Background: Compensatory sweating is a well-known side effect after sympathectomy for hyperhidrosis. It is often claimed to correlate with the extent of sympathectomy, but results from the literature are conflicting, and few have actually considered differences in the intensity of compensatory sweating.
Methods: A total of 158 patients underwent thoracoscopic sympathectomy for primary hyperhidrosis or blushing, or both. Sympathectomy was performed bilaterally at Th2 for facial hyperhidrosis/blushing (n = 49), Th2-3 for palmar hyperhidrosis (n = 62), and Th2-4 for axillary hyperhidrosis (n = 47).
Results: Follow-up by questionnaire was possible in 94% of patients after a median of 26 months. Compensatory sweating occurred in 89% of patients and was so severe in 35% that they often had to change their clothes during the day. The frequency of compensatory sweating was not significantly different among the three groups, but severity was significantly higher after Th2-4 sympathectomy for axillary hyperhidrosis (p = 0.04). Gustatory sweating occurred in 38% of patients, and 16% of patients regretted the operation.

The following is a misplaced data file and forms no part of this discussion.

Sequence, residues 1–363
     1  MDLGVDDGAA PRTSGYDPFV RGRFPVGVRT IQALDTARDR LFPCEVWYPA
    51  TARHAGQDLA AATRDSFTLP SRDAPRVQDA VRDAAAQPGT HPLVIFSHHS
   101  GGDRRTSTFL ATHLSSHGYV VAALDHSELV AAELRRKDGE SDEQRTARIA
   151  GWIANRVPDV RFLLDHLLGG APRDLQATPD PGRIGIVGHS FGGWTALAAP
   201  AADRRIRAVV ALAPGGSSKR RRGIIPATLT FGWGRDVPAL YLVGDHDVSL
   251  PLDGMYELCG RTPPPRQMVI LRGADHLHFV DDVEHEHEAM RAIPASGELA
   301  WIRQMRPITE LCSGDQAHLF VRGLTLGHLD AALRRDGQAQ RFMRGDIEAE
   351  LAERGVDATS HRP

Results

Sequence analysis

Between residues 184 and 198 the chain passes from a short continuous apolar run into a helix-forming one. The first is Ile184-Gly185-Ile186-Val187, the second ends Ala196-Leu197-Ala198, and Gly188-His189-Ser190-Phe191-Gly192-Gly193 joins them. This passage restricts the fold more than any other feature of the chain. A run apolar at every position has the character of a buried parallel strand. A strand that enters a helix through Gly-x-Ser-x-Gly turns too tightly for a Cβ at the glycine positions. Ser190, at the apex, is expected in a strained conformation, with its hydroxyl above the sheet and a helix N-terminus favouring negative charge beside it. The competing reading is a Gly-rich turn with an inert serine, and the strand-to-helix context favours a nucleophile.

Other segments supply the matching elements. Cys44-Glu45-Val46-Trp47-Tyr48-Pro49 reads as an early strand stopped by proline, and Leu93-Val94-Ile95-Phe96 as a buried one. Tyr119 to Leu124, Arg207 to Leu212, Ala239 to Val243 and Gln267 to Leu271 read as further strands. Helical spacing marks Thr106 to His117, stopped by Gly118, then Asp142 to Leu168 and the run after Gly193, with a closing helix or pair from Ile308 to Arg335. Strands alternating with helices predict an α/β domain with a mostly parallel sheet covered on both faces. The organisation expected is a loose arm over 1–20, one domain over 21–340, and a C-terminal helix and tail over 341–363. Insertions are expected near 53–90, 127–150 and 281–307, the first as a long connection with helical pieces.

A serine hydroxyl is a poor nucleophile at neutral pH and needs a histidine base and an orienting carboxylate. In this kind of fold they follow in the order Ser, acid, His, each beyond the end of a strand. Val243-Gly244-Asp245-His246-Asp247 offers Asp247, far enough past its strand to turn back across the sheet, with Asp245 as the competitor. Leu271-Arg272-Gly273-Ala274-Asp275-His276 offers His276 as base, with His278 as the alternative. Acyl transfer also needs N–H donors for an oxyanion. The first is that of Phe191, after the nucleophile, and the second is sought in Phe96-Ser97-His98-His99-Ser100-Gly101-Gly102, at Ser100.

Conclusions: Compensatory and gustatory sweating were remarkably frequent side effects after thoracoscopic sympathectomy for primary hyperhidrosis. We found no significant difference between the level of sympathectomy and the occurrence of compensatory sweating. However, it appears that this is the first study to demonstrate that severe sweating is significantly more frequent after Th2-4 sympathectomy for axillary hyperhidrosis. We encourage informing patients thoroughly about these side effects before surgery.